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Even and odd functions

  1. Dec 10, 2008 #1
    1. The problem statement, all variables and given/known data
    Hey guys,
    I'm studying for my sigs and coms exam and I am having trouble with determining whether a function is even or odd.
    I understand that an even function satisfies f(-t) = f(t) and an odd function satisfies f(-t) = -f(t) Can I determine whether this function is even or odd by looking at it?

    2. Relevant equations

    { xsin(ax) dx

    3. The attempt at a solution
    I know I substitute x with -x but what do I do from there?
  2. jcsd
  3. Dec 10, 2008 #2
    Maybe i'm not reading your question right, but you said that you understand that a function is even when f(-t) = f(t), and odd when f(-t) = -f(t).

    If you have a graph of it, you should be able to tell whether the function is odd or even just by looking at the graph and taking t and -t. If all you're given is an equation, then choose a value that you can easily evaluate and see what happens on the other side of the axis.

    Or are you referring to the equation on #2?

    [tex]f(x) = \int xsin(ax)[/tex]

    I think that's what you meant on #2 anyway.
  4. Dec 10, 2008 #3


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    You try to either eliminate the "-" signs, or try to bring them outside the expression.

    Example #1:

    f(x) = x2
    f(-x) = (-x)2
    = x2 (eliminating the "-")​
    = f(x) ​
    so this is an even function

    Example #2:

    f(x) = x3
    f(-x) = (-x)3
    = -(x3) (bringing the "-" outside the expression)​
    = -f(x) ​
    so this is an odd function

    p.s. Welcome to PF :smile:
  5. Dec 10, 2008 #4
    Thanks for the replies guys and the warm welcome!! I think I figured it out. Yes we're given a diagram and I realized when the wave goes through the origin the function is odd and otherwise its even. I think!!
  6. Dec 10, 2008 #5
    That's not necessarily true. f(x^2) is an even function and f(x) is an odd function, but they both go through the origin. Since you're given the graph, take any value of x (besides the origin) in that graph and see where the function is, now look over to -x and see if you get the same value (even), or the opposite (odd).

    Edit: Or, you could imagine folding the the graph along the y-axis and see if the function lines up. If it does, then it's an even function. If not, then it's mostly an odd function. You could check if it's an odd function by "folding" the graph along the function y = x
  7. Dec 10, 2008 #6


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    That's not correct, as noted above. In fact the vast majority of functions you will deal with are neither odd nor even.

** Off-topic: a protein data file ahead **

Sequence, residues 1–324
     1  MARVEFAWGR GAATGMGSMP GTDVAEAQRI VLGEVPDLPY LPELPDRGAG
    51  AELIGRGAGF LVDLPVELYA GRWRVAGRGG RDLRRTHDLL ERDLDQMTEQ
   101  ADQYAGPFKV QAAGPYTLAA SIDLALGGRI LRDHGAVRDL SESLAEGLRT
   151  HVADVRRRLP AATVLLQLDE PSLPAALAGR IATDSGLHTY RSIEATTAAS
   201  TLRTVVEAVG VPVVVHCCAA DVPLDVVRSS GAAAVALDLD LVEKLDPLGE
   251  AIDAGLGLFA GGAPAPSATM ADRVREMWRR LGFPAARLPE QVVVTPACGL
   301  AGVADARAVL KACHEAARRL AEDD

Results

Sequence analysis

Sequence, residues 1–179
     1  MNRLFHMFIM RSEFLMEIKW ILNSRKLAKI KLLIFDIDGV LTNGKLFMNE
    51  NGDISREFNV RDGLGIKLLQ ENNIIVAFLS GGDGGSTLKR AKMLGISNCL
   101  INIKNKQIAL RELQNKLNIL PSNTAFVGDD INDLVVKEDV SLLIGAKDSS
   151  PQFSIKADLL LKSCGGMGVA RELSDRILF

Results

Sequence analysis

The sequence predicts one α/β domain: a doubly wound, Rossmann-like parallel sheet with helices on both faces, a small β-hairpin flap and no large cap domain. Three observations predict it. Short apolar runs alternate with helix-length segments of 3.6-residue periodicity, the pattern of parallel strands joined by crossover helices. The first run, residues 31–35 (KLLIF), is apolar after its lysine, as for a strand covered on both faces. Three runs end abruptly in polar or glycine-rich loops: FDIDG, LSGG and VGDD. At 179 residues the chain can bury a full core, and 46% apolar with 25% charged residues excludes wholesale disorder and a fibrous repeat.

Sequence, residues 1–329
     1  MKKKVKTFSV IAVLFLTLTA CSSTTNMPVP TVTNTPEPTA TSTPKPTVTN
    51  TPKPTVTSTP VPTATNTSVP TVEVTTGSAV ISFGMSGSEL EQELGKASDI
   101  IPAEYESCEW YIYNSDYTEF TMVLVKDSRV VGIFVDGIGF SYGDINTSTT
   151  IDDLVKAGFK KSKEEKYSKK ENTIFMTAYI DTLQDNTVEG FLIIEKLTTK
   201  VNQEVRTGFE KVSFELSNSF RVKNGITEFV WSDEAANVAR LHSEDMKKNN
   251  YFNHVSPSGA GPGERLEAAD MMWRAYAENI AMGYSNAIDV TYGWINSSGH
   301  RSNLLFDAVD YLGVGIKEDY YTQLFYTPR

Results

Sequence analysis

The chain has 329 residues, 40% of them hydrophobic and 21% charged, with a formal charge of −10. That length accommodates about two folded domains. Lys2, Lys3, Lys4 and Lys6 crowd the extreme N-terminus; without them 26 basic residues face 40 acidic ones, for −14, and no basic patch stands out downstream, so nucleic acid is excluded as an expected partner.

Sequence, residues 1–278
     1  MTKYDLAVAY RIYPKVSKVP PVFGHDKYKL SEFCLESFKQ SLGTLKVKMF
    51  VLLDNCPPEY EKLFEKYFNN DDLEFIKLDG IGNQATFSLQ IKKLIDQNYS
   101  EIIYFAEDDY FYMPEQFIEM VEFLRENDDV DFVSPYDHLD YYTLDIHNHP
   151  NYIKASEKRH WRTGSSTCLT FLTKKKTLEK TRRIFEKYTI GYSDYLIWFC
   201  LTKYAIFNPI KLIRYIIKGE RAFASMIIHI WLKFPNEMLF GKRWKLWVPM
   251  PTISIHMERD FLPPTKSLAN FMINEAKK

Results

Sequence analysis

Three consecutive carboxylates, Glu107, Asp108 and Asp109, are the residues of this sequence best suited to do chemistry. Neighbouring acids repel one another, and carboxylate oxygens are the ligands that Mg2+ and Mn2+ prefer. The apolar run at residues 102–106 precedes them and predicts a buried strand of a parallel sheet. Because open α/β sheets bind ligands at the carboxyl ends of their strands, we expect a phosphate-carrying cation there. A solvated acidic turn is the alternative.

8. Dec 11, 2008 #7
    As noted by Defennder, most functions are neither entirely even nor odd. Every function can be broken down into two parts, and even part and an odd part.

    If you take the (complex) Fourier transform of a function (when it exists), the real part of the transform will result from the even part of the function and the odd part of the function will give rise to the imaginary part of the transform.

    If you do a Fourier expansion of the function, the cosine terms (and the constant term) are the result of the even part of the function and the sine terms are the result of the odd part of the function.
  9. Dec 11, 2008 #8


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    You can also decompose a function into odd and even parts without using Fourier transforms:

    fodd(x) = ½[f(x) - f(-x)]

    feven(x) = ½[f(x) + f(-x)]
  10. Dec 11, 2008 #9
    Yes, Redbelly98, is most certainly correct about this simple decomposition into even and odd parts.
  11. Dec 11, 2008 #10
    Doesn't the even and oddity of a function also have to do with the Taylor Polynomial? For instance, cos(x) is even because the first term (f(0)) is 1, the second term f ' (0) = 0, f ''(0) = -1, so it's Taylor is 1-x^2/2!+x^4/4! ??
  12. Dec 11, 2008 #11
    This could become a chicken and egg thing, but the fundamental definitions of even and odd are those that were given in the first entry above by duckless. Everything else really follows from that, and it is probably best to stick with those simple expressions as the definitions, and then accept the rest as consequences.

    A Taylor series that contains only even powers will rather obviously produce an even function (such as the cosine), and one that contains only odd powers will produce an odd function. This is a consequence of the fact that, term by term, these functions are either even or odd, and therefore their sums are still even or odd.
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